2017 Progress Report: A Bioenergetics-Based Approach to Understanding and Predicting Individual- to Community-Level Ecological Effects of Manufactured ChemicalsEPA Grant Number: R835800
Title: A Bioenergetics-Based Approach to Understanding and Predicting Individual- to Community-Level Ecological Effects of Manufactured Chemicals
Investigators: J. Salice, Christopher
Institution: Towson University
EPA Project Officer: Lasat, Mitch
Project Period: September 1, 2015 through August 31, 2018 (Extended to February 28, 2020)
Project Period Covered by this Report: January 1, 2017 through December 15,2017
Project Amount: $374,510
RFA: Systems-Based Research for Evaluating Ecological Impacts of Manufactured Chemicals (2014) RFA Text | Recipients Lists
Research Category: Ecological Indicators/Assessment/Restoration , Ecosystems , Safer Chemicals
A fundamental goal in ecotoxicology and ecological risk assessment (ERA) is to predict the frequency and magnitude of adverse ecological effects resulting from chemical contaminants. While there is a considerable volume of research generated on the effects of a wide variety of manufactured chemicals on ecologically relevant receptors, the vast majority of studies are focused at levels of biological organization that are most conducive to empirical approaches – the individual and lower. Paradoxically, the levels of biological organization that are most relevant to environmental health and societal value are at the population level and higher (communities and ecosystems). The overarching objective of the proposed research is to develop a bioenergetics-based Adverse Outcome Pathway framework that can translate from individual-level to population- and community-level effects of manufactured chemicals.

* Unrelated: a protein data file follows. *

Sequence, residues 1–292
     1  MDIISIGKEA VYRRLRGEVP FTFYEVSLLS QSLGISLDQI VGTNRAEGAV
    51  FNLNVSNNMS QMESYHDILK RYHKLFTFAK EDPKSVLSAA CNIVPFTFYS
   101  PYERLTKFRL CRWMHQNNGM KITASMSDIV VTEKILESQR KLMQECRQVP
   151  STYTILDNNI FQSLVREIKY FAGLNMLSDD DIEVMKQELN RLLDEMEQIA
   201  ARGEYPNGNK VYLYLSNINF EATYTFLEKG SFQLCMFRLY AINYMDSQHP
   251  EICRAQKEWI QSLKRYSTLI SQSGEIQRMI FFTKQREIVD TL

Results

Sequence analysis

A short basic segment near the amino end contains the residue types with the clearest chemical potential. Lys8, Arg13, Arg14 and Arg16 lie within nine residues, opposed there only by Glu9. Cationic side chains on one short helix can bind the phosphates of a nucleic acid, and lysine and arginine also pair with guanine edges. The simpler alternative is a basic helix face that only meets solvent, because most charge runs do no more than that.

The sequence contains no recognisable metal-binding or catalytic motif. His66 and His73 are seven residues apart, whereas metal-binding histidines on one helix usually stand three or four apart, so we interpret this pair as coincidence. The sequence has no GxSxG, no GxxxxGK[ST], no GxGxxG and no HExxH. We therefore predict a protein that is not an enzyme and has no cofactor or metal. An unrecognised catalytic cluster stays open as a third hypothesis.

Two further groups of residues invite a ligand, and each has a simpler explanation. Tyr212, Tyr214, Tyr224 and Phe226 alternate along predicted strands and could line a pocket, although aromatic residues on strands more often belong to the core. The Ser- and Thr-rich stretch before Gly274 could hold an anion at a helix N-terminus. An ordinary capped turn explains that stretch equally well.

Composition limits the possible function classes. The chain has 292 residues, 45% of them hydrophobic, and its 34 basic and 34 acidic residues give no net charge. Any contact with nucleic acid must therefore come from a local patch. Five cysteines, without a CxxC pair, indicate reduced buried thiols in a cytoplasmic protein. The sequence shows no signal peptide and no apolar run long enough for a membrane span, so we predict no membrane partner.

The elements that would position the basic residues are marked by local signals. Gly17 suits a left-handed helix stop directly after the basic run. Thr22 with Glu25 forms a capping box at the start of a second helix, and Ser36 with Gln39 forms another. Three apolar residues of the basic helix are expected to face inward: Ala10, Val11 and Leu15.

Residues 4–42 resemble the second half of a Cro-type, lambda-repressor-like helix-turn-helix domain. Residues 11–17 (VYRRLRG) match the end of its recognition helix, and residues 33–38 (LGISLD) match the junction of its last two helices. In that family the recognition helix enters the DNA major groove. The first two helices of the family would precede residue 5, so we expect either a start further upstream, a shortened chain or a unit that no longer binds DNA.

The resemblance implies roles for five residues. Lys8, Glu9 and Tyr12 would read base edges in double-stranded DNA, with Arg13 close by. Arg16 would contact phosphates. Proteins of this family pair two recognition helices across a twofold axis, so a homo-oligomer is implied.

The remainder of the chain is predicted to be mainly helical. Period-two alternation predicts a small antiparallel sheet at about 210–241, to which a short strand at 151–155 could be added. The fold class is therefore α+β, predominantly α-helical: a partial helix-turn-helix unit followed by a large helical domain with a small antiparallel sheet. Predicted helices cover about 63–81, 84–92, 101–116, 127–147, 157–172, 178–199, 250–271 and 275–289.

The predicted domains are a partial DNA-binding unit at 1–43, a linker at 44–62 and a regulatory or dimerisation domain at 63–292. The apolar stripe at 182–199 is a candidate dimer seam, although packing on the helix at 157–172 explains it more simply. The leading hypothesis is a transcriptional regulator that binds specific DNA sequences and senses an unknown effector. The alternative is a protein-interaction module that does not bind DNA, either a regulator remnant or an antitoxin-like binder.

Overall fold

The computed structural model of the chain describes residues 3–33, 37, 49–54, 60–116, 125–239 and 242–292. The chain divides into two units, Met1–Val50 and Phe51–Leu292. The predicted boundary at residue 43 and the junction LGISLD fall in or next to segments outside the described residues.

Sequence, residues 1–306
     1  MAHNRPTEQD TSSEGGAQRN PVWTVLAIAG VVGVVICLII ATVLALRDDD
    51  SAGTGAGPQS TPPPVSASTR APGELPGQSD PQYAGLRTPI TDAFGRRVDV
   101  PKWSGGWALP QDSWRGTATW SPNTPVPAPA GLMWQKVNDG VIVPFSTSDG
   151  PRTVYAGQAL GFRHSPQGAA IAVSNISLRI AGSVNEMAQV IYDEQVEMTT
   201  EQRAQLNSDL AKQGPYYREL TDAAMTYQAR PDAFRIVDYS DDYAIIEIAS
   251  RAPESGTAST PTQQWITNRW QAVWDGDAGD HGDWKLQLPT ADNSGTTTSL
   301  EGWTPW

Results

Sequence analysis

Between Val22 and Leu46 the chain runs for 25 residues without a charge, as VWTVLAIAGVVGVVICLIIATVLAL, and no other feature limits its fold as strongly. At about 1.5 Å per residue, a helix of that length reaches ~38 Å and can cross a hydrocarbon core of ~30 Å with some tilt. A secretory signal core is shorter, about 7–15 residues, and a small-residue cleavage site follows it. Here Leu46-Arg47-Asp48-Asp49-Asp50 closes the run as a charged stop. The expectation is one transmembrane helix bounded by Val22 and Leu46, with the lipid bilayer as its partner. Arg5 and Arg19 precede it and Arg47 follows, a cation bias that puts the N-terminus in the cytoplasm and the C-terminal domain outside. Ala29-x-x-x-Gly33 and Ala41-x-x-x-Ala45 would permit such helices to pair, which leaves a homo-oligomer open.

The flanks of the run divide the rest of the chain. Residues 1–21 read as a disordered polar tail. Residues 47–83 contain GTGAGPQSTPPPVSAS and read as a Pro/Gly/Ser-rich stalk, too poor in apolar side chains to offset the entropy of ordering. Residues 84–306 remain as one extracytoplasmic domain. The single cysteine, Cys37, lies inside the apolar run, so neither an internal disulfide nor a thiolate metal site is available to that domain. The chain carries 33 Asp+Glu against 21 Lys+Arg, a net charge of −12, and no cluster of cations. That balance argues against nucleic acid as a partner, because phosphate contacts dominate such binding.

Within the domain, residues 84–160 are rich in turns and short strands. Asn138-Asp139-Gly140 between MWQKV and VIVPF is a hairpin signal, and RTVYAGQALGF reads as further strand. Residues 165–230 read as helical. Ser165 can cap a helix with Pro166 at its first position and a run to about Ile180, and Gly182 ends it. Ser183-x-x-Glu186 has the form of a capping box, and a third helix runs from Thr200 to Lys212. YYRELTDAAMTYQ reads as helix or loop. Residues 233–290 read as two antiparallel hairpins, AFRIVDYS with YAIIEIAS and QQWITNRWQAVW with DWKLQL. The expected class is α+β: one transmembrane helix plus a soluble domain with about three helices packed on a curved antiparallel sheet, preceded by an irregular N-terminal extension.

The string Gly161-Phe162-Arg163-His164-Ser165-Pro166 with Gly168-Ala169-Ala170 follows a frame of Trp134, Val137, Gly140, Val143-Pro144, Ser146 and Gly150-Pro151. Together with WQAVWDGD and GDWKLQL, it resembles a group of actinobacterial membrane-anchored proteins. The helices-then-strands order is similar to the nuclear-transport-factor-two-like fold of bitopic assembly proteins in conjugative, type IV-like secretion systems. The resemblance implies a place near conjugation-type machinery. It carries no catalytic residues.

Specific Aim 1: Establish bioenergetics-based responses and associated mathematical models (e.g., Dynamic Energy Budget (DEB), Von Bertelanffy growth model) of individual study species exposed to PFOS and pyraclostrobin for 2-4 week exposures, which are representative of relatively low-cost, standardized toxicity tests.
- Endpoints: Life history traits, cellular energy assimilation, metabolic rate, feeding rate, fatty acid profiles – growth rate as a key endpoint.
- Models: Single species bioenergetics (DEB) and growth models.
Summary Specific Aim 1 Progress: We have successfully conducted a series of relatively short duration toxicity studies to explore the effects of pyraclostrobin and perfluorooctane sulfonate (PFOS) on Daphnia magna and/or Lymnaea stagnalis. Our research has shown that pyraclostrobin is more toxic than PFOS and we have what we think is a well-developed understanding of pyraclostrobin toxicity to our aquatic test species. After extensive toxicity testing in both L. stagnalis and D. magna, the more relevant exposure and effect scenario for pyraclostrobin appears to be related to short duration, acute toxicity.
As mentioned, PFOS is less toxic than pyraclostrobin but interestingly appears to exert toxicity in subtle ways and after long duration exposures. As an example, PFOS increased the variability in population size in Daphnia which then translates to an increase in extinction risk. These results were obtained from a novel study design that we developed where cohorts of Daphnia are exposed and the laboratory populations are followed through time. This method yields insights into effects of chemicals on population dynamics and implicitly include density-dependent.